S typhi is spread through contaminated food, drink, or water. If you eat or drink something that is contaminated with the bacteria, the bacteria enter your body. They travel into your intestines, and then into your blood. In the blood, they travel to your lymph nodes, gallbladder, liver, spleen, and other parts of the body.
Some people become carriers of S typhi and continue to release the bacteria in their stools for years, spreading the disease.
Typhoid fever is common in developing countries. Fewer than 400 cases are reported in the US each year. Most cases in the US are brought in from other countries where typhoid fever is common.
Some people develop a rash called "rose spots," which are small red spots on the abdomen and chest.
Other symptoms that occur include:
A complete blood count (CBC) will show a high number of white blood cells.
A blood culture during the first week of the fever can show S typhi bacteria.
Other tests that can help diagnose this condition include:
Fluids and electrolytes may be given by IV (into a vein) or you may be asked to drink water with electrolyte packets.
Antibiotics are given to kill the bacteria. There are increasing rates of antibiotic resistance throughout the world, so your health care provider will check current recommendations before choosing an antibiotic.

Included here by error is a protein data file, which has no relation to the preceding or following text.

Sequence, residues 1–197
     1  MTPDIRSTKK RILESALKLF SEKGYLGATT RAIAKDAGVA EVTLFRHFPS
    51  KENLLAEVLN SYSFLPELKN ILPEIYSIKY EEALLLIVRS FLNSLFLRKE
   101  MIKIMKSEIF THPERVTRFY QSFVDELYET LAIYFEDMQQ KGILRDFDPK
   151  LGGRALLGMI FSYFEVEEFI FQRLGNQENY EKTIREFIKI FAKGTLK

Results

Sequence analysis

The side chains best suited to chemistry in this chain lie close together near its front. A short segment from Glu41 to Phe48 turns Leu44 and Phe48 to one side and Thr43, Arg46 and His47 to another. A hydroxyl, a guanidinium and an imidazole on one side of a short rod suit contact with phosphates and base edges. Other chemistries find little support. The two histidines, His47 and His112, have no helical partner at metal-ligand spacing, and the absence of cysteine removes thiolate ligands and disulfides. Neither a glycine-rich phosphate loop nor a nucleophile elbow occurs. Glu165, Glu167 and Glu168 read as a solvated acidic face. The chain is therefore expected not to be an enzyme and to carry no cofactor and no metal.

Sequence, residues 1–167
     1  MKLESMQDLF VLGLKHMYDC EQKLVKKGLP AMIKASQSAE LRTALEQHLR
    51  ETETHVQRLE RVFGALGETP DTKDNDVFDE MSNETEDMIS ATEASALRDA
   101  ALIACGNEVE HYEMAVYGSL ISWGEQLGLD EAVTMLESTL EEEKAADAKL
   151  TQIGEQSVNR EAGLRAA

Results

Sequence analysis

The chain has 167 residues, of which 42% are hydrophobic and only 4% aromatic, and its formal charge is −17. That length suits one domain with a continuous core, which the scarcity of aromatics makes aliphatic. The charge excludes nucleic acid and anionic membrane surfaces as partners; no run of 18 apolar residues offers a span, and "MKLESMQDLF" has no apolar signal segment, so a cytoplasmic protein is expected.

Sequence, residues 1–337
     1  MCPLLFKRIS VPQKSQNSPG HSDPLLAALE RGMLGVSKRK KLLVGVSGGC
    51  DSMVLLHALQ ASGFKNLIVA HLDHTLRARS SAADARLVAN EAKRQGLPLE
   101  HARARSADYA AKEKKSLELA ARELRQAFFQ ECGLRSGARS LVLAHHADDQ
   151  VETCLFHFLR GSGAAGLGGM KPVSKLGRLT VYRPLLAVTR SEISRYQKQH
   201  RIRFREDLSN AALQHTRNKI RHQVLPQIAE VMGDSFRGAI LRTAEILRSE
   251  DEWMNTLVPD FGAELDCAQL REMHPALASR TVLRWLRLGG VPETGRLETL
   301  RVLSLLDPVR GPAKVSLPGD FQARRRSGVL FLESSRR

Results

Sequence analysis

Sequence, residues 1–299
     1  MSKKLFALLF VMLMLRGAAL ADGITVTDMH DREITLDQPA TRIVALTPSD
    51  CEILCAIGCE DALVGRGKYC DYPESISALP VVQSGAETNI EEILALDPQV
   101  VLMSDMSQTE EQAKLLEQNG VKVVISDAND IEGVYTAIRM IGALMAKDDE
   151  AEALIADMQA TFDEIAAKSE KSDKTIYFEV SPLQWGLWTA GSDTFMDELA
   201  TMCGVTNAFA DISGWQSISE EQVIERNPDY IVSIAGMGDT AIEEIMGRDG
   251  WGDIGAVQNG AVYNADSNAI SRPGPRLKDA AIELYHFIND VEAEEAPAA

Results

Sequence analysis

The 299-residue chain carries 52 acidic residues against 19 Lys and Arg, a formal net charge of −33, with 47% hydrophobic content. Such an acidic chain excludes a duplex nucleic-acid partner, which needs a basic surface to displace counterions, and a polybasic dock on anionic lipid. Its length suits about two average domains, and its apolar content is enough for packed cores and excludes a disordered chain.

Symptoms usually improve in 2 to 4 weeks with treatment. The outcome is likely to be good with early treatment, but becomes poor if complications develop.
Symptoms may return if the treatment has not completely cured the infection.
Call your health care provider if you have any of the following:
A vaccine is recommended for travel outside of the US to places where there is typhoid fever. The Centers for Disease Control and Prevention website has information about where typhoid fever is common --
When traveling, drink only boiled or bottled water and eat well-cooked food.
Water treatment, waste disposal, and protecting the food supply from contamination are important public health measures. Carriers of typhoid must not be allowed to work as food handlers.
Harris JB, Ryan ET. Enteric fever and other causes of fever and abdominal symptoms. In: Bennett JE, Dolin R, Blaser MJ, eds. Mandell, Douglas, and Bennett's Principles and Practice of Infectious Diseases. 8th ed. Philadelphia, PA: Elsevier Saunders; 2015:chap 102.
Wain J, Hendriksen RS, Mikoleit ML, Keddy KH, Ochiai RL. Typhoid fever. Lancet. 2015;385;1136-45. PMID: 25458731
Last reviewed on: 5/1/2015
Reviewed by: Jatin M. Vyas, MD, PhD, Assistant Professor in Medicine, Harvard Medical School; Assistant in Medicine, Division of Infectious Disease, Department of Medicine, Massachusetts General Hospital, Boston, MA. Also reviewed by David Zieve, MD, MHA, Isla Ogilvie, PhD, and the A.D.A.M. Editorial team.